Friday, 9 March 2012

Practice techniques...

I often see pianists discussing practice techniques on Twitter or their blogs. I was thinking about the different ways people practice today while I was practicing, and decided to write a blog post about it.

I use different techniques depending on what I'm aiming for in practicing, and the type of music I'm playing:

Technical work
Due to AMEB exams, I have to do a lot of technical work. Although I hate scales and arpeggios, I've figured out a practice schedule that works well for me and which I use as a warm-up, along with any exercises set by my teacher. 
I play scales hands together, three times (each with a different rhythm) and then normally. Then I'll go through the different versions - p and f, crescendo/diminuendo, staccato and contrary motion. I have to perfect each version of a scale (including all the rhythms) before I move on.
Arpeggios are similar - I practice each hand separately, playing them with different rhythms first, and then normally. Finally I put the two hands together. This process is almost as obsessive as metronome practice...

Metronome practice
This is the most obsessive and mechanical sort of practice I do. It's a technique I only use for Bach, Mozart, Haydn, the more strictly rythmic works of Ravel, and 20th century pieces. I almost never do metronome practice on Romantic pieces - I've tried it and it doesn't work for me at all.
Before I start the actual metronome work, I spend a couple of days (sometimes longer) learning the notes so I'm not sight-reading when it comes to practicing with the metronome, and also writing in fingerings. I have to be able to play the whole thing accurately at a slow tempo before I can actually get any further.
I then set the metronome to a slow speed (sometimes it's slower than half my intended performance speed, sometimes faster). Depending on the nature of the music, I might practice each hand separately first before practising with hands together (with contrapuntal music like Bach, it's essential that I get to practising with hands together ASAP.) I don't allow myself to move on to the next step on the metronome, or to move to a different hand, until I'm perfectly accurate. This process is repeated for each step up the metronome.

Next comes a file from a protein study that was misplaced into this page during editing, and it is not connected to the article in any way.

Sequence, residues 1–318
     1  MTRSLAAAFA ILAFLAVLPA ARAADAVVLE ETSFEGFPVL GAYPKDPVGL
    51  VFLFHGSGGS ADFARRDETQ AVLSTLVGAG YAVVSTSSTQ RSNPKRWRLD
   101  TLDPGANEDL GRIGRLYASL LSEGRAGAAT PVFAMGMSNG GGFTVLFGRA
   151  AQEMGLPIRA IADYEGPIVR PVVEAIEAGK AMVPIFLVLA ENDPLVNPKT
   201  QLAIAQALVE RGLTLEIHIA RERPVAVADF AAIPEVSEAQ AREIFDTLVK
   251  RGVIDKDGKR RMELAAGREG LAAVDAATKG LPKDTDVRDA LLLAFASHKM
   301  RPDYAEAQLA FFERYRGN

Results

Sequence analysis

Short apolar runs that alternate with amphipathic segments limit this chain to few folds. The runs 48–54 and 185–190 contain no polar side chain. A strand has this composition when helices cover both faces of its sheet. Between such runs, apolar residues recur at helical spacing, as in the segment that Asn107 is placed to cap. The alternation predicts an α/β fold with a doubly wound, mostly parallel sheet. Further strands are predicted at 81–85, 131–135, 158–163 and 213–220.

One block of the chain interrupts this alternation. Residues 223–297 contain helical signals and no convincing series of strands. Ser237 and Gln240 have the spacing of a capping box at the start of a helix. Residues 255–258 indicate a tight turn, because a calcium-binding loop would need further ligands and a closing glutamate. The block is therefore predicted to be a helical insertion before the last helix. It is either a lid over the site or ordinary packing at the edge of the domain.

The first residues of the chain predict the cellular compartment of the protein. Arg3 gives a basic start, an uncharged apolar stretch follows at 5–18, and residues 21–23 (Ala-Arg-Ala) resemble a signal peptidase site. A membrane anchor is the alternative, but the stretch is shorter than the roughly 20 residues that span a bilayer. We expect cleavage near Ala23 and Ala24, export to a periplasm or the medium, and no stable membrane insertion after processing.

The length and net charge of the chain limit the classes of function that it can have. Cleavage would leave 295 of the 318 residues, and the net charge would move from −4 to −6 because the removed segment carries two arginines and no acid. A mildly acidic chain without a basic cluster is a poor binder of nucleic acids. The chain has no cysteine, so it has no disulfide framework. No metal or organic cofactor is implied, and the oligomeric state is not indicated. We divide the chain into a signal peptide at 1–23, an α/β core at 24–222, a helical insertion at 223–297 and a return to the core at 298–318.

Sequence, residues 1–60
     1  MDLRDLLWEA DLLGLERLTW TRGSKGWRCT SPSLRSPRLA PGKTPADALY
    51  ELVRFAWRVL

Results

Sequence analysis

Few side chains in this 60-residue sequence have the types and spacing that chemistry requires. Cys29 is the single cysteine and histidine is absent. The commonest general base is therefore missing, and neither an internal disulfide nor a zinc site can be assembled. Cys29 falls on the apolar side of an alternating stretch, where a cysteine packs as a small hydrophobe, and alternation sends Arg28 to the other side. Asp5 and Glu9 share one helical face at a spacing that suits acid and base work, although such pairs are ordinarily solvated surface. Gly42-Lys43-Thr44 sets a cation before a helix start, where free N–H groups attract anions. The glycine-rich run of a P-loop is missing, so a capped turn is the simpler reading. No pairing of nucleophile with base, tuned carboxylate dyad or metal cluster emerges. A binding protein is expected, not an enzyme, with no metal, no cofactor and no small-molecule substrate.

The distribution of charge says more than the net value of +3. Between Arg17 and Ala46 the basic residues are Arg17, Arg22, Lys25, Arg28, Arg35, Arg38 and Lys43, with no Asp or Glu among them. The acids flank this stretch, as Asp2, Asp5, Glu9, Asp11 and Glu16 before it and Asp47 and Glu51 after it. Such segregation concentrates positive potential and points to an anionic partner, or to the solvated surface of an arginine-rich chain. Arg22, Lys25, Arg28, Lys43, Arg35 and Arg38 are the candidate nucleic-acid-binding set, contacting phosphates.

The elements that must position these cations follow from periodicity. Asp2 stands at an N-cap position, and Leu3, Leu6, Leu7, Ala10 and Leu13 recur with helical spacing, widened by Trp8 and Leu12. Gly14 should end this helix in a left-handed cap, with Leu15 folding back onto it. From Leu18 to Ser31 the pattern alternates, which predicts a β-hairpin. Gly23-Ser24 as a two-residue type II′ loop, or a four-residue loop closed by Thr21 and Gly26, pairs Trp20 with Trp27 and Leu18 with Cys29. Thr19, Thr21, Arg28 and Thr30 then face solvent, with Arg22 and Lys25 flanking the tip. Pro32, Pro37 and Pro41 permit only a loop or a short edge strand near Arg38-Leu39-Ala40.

I usually manage between 1 and 3 steps up in speed per practice session, but that really depends on how much progress I'm making.
Metronome practice is one of those things I hate sometimes, but if I'm in the right mood, I actually really enjoy it, especially when I try playing the piece at full speed and it's improved so much.

Non-metronome practice
I use this technique with Romantic and Impressionist music, like Chopin, Mendelssohn and most Ravel. I start by just playing slowly and writing fingerings and notes in, a lot like the first stage of my metronome practice. If it's quite a technical piece, like the Chopin etudes, I usually do very slow, bar-by-bar practice to ensure I have all the notes under my fingers, and gradually speed up. But with pieces that have less of a solid structure (i.e. not just a heap of arpeggios and broken chords) I can usually manage to play the piece at full speed with very little slow practice, once I know the notes. Usually it's very specific, short passages that trip me up in these kind of pieces, so I might work specifically on certain passages to get them under my fingers.

Interpretative practice
I usually only do this sort of practice once I'm completely confident playing a piece at full speed, and often once I've learnt it from memory. This is the stage where I start working on how I want to interpret a piece. Often that involves overcoming new technical hurdles as well, so it can be quite involved.

On average I do 1 and a half to 2 hours of practice each day (well, I try to practice each day, but I don't always manage it!) I think the most practice I've ever done in one day is 4 or 5 hours straight. Sometimes I just get carried away and don't want to stop.

I'd be very interested to hear about other pianist's techniques for learning pieces...

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